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May 14, 2013

Another progressive voice silenced in Orangi

World

AFP
May 14, 2013

Karachi
At Kati Pahari, where government schools have remained closed since the violence of 2011, Abdul Waheed ran a 23-room school under the banner of Bright Education Trust. It was open for all ethnicities, and girls studied alongside boys.
Outside this very school, Waheed was shot dead by unidentified attackers on Monday. The assailants did not even spare his his little daughter and younger brother Naseeb Khan, who were also injured in the attack near Naunehal Academy in Peerabad’s Islamia Colony.
The victims were taken to the Abbasi Shaheed Hospital. Waheed had suffered multiple bullets to the upper torso that proved fatal.
Peerabad police confirmed the victim had been working as a social worker in the area for several years. He also ran a small clinic for the locals and had established a small medical store as well.
Waheed’s murder comes exactly two months after another prominent social worker, Parveen Rehman, the long-time director of the renowned Orangi Pilot Project, was gunned down in the Pakthunabad neighbourhood of Karachi on March 13. Rehman was being driven back home when she was killed by armed attackers at the Qasba Morr.

A man against ‘Mullah mindset’
The first time I met Waheed, he showed me around the locality. He took me to government schools deserted by teachers who feared their safety in a locality where ethnic violence had taken a bloody toll.
“[You] don’t believe me? See it for your own self,” he ranted as he drove me around in his blue Daihatsu Coure. He was vociferous in his beliefs, stood against the “Mullah mindset”, and had at one point in life tried his luck at Madressah reform.
At his school, I once met a Deobandi cleric, who influenced by Waheed’s teachings had allowed girls to study at his seminary, hired mostly female teachers and considered English an important tool for development.
He lived in a locality where militant wings of political parties operated with ease, and

Taliban had carried various attacks on liberals like him.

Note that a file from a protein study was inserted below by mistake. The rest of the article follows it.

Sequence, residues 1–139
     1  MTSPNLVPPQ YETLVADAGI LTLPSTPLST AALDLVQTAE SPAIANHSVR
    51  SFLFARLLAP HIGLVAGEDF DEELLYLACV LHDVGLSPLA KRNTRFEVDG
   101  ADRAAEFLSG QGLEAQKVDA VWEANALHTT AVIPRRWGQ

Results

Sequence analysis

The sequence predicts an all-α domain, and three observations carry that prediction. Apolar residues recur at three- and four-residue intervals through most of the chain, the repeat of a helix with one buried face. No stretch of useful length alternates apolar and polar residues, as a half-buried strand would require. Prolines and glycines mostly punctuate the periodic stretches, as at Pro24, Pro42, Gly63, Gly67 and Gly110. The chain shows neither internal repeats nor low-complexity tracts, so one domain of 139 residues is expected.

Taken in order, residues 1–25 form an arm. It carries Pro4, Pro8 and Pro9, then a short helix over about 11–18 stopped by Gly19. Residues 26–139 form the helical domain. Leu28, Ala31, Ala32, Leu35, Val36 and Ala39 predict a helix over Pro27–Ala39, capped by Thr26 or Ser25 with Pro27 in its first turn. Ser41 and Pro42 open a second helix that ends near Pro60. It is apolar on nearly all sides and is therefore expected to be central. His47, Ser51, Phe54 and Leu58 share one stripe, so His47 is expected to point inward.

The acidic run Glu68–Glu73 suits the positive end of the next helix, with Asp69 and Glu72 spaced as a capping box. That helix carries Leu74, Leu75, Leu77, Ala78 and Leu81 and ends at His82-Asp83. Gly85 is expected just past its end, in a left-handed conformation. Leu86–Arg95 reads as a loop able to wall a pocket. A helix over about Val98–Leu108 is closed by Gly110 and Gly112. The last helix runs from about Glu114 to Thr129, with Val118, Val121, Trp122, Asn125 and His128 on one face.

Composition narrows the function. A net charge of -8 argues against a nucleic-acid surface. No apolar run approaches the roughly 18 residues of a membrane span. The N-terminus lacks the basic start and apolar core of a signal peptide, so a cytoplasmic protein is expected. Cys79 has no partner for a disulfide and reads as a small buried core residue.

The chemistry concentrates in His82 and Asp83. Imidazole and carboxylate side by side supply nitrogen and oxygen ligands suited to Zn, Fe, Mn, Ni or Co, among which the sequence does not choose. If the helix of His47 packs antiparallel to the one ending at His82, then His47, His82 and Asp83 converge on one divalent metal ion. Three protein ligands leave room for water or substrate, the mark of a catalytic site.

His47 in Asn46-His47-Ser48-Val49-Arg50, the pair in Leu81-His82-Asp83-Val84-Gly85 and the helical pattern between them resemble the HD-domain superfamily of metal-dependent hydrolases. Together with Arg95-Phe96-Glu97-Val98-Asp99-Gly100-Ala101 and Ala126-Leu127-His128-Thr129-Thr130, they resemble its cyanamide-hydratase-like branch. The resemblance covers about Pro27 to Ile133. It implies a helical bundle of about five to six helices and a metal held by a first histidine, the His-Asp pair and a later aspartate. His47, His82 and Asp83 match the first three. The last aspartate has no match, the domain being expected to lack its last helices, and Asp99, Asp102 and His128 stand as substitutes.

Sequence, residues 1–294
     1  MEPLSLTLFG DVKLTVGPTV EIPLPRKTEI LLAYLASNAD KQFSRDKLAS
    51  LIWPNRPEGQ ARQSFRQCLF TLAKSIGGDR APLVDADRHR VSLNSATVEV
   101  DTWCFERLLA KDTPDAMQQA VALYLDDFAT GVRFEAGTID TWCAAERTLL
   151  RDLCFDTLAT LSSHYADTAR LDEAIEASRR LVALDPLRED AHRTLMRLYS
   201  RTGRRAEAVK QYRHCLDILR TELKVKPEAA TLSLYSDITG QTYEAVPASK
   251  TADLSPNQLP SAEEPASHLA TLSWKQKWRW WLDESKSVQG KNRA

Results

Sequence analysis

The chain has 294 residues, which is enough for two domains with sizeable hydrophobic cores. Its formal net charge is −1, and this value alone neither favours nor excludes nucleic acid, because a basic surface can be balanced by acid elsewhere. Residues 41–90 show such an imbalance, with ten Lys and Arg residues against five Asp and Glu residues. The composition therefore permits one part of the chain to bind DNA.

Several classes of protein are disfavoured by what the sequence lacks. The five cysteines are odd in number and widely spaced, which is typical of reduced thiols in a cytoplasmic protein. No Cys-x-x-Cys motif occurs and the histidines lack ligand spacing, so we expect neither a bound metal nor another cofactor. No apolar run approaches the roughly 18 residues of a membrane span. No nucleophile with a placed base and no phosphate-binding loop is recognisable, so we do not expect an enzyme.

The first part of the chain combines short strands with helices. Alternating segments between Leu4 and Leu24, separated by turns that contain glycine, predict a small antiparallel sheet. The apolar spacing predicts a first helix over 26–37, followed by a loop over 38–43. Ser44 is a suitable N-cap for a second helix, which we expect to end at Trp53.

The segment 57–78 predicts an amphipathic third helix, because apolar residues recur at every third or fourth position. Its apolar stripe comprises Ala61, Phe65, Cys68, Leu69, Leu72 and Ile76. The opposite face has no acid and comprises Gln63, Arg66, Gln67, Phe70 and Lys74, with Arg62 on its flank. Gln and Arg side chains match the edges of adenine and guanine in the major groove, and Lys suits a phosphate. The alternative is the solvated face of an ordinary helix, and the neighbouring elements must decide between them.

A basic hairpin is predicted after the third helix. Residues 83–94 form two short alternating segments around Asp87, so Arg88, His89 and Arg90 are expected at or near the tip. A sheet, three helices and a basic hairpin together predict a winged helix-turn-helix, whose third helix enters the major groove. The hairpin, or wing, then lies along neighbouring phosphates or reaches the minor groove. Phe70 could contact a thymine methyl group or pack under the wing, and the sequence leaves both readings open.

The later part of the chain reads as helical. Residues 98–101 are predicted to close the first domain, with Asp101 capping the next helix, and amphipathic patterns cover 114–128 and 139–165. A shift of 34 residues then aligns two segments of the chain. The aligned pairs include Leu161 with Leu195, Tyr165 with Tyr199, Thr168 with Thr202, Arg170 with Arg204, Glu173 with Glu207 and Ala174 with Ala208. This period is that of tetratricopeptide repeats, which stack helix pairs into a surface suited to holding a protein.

There were threats to his life and he knew it well, yet he worked undeterred. The last time I visited his school, in October 2012, his school had a big banner promoting polio vaccinations. Those days aid workers were being shot and kidnapped — a backlash the campaign faced after the CIA used vaccination programme to hunt Osama Bin Laden.
I entered to meet a young man I had never seen before, armed with a Kalashnikov. “Who do you want to meet? Name?”
“Waheed Sahib, Tell him it’s Sidrah Roghay from The News.”
The men took me through a flight of stairs to the first floor, where an apologetic Waheed met me. “I never wanted all this, but my boys insisted.”
His brother was shot at the day before outside his school. “They missed me I was the target,” he said.
I insisted he should move to a safer location, but this was where he had lived all his life. “This is where my people live.”
That day when he escorted me till the school gate, he was on guard. He bid me goodbye while his eyes wandered all over the locality, eyeing for any suspicious objects or people. I stopped visiting after that, fearing I would be shot at in case the gunmen missed their target.
But we stayed in touch on the phone. On the election day he invited me over at his school. Later in the evening when I called he informed me about a bomb blast just outside his school at Islamia Colony. Three men queuing at the polling station were injured.
“People are too scared to step out and vote. Campaign in some areas was done through the pulpit. This soil is hungry for blood. It is blotched with blood everywhere.”

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